Archive for April, 2013

A few years after AYE, I finally have been able to go to PSL. I could not resist to also start a booklist here. As these days, we get knowledge not only by booklists, I’ll add a few videos.

Quiet: The power of introverts in a world that can’t stop talking by Susan Cain

Thinking, Fast and Slow by Daniel Kahneman

Decisive: How to make better choices in life and work by Chip & Dan Heath

The Five Dysfunctions of a Team: A Leadership Fable by Patrick M. Lencioni

Adrenaline Junkies and Template Zombies: Understanding Patterns of Project Behaviour: by Peter Hruschka, Tim Lister, Steve McMenamin, James Robertson, Suzanne Robertson, Tom DeMarco

Clear Leadership: Sustaining Real Collaboration and Partnership at Work by Gervase R. Bushe

The Brain That Changes Itself: Stories of Personal Triumph from the Frontiers of Brain Science by Norman Doidge

Non Violent communication by Marshall Rosenberg

Personal Kanban by Jim Benson

At the last dinner Matt Paid it forward.
It reminded me of Aaron’s last wish



I talked about a company called /UT7 that does not have a shared vision and uses Satir model. Read about /UT7 at infoq




Other lists


I created a PSL Twitter list (if you have been to PSL, let me know and I’ll add you)

In the hot tub (where else?) we also talked about some of the projects I started.



The last few weeks, I was discussing about the concept of thoughtleaders.

For me the idea of a thought leader, is that one person has a brilliant idea, she spreads that idea and she creates a tribe of people following that idea.
Our current culture is one of worshipping these people and they are instant famous (for 15 minutes or for eternity)
I personally have a few problems with this.

  1. I don’t like the worshipping part. As humans these are not better or worse than other people.
    It actually puts a lot of pressure on these people and for some people it even creates the impression that they are god. We have seen a few examples of brilliant people who did stupid things on a personal level. I think our system of worshipping is partly to blame for that.
  2. What is worse for me, is that this is a very limiting model.
    It means that only brilliant people can come up with idea’s: bummer for me, I’m not brilliant. And bummer for you, 50% of the people their IQ is below average.
    (Ok sorry, of course not my readers, you are all above average )
  3. I believe that most ideas are actually created by networks of people.
  4. The ideas created by many people are of higher quality then when they are created by one person.
  5. On top this all, you can’t copyright an idea, so for me it’s wrong that one person can dictate how their idea should be used.

That last point is interesting to think about, because one if the side effects of this is the law of raspberry jam: The wider you spread it, the thinner it gets. Many thought leaders, try to counter this point by dictating that you can only do x their way. And yes, I have seen enough people trying to change something before they understand it, to understand why ThoughtLeaders ask this.
















All of this has inspired me to think, there should be another model, instead the model of thought leaders, we should have ThoughtJockeys.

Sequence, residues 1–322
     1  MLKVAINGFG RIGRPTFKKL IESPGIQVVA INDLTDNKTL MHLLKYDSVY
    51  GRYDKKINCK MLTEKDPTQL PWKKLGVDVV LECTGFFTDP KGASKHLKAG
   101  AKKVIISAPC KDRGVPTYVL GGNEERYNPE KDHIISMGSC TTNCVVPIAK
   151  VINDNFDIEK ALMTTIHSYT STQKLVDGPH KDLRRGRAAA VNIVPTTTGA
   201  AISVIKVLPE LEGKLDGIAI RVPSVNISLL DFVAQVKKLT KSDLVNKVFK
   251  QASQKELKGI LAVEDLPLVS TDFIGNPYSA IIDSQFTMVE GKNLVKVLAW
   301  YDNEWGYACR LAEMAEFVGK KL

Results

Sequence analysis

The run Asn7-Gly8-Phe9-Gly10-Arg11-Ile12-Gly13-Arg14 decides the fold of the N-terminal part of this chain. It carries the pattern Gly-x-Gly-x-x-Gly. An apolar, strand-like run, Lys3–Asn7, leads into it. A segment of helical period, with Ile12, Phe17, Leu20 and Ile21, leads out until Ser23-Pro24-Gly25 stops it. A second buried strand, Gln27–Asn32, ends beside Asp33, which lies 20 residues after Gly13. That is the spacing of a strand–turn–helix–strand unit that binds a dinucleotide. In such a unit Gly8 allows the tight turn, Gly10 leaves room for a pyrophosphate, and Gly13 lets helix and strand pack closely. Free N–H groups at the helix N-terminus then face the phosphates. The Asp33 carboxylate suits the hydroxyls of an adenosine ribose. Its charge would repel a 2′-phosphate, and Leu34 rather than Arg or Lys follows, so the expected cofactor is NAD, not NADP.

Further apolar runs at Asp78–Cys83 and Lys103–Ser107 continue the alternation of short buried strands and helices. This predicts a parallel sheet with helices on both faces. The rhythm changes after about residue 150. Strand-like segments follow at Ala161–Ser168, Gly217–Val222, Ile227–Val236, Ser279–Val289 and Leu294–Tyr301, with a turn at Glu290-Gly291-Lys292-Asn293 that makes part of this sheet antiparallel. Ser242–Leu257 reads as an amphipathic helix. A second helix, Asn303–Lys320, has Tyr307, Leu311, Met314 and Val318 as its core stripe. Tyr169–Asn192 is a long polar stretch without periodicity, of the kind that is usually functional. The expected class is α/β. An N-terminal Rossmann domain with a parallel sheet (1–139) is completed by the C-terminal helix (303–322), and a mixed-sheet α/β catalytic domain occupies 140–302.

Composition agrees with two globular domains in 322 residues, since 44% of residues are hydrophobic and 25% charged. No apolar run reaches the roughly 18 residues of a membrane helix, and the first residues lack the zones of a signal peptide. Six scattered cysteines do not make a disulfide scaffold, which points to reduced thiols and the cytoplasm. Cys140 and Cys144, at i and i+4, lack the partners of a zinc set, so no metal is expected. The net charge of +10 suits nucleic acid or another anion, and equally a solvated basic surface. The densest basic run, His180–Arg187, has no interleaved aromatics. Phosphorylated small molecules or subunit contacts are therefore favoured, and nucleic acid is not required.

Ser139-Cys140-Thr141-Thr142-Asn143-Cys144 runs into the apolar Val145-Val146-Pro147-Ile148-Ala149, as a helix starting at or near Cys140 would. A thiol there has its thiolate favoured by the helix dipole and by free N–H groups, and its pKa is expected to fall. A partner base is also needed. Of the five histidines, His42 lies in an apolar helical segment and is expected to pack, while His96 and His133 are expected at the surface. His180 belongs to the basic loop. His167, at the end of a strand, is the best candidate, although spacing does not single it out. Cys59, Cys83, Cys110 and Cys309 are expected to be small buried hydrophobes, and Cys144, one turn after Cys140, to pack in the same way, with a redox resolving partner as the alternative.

What is the idea of a ThoughtJockey, well one part is, its created by a bunch of people. So Instead of me telling you what it is, I point you to a document that was a created by a bunch of people. I want to encourage you to:

1 read it completely

2 Adapt the parts that you think should be adapted

3 If you agree or if you changed something, please add your name to the contributors list.

Yves, wait are you tell me the full internet has editing rights?


Isn’t that insane? What about the hackers, spammer etc?

That’s why I call it an exercise of trust.
I want to see what happens, and where it takes us. And yes, when (not if, when) we will take action. Let’s for now see what trust can create.

As my father wrote a few years ago, most laws are created by a bunch of people over many years and that make them much better then just ideas of one or 2 people.

Please check with me, what’s happening….

Standing on the shoulders of giants

Have a look at this picture. I took this during ALE2012. It was a local spectacle offered by the organizers to make us think about being agile.

It is a powerful metaphor, it inspired me to lots and lots of stories.

Today I want you to look again at the top. Do you see who is at the top?
is it:

No. It’s the smallest kid. Being an agile coach, I can be biased and say it’s because he is the most flexible, agile person.
Tonight I don’t even want to go that way.

Do you know what needs to happen for him to reach the top?

  • The full team needs to trust it’s gonna work. Yes I saw them multiple time starting over, until it was fine for everyone.
  • The small kid, is probably the one with the least experience, so for him to reach the top, he has to listen to the people with more experience.
  • I assume that some people at the bottom, used to be the little kid. They have moved on and they had to accept that they will never reach the top again. Yet thanks to their experience, their group can now maybe create bigger statues.

And once he has reached his top spot, that’s not the end. I saw them moving as a group, the kid high up in the air.

Standing on the shoulders of giants, that’s how I feel in the communities I flutter  around:

  • I trust the people I work with.
  • Like the little kid, I’m not the smartest person in my world yet I listen to the smarter people around me.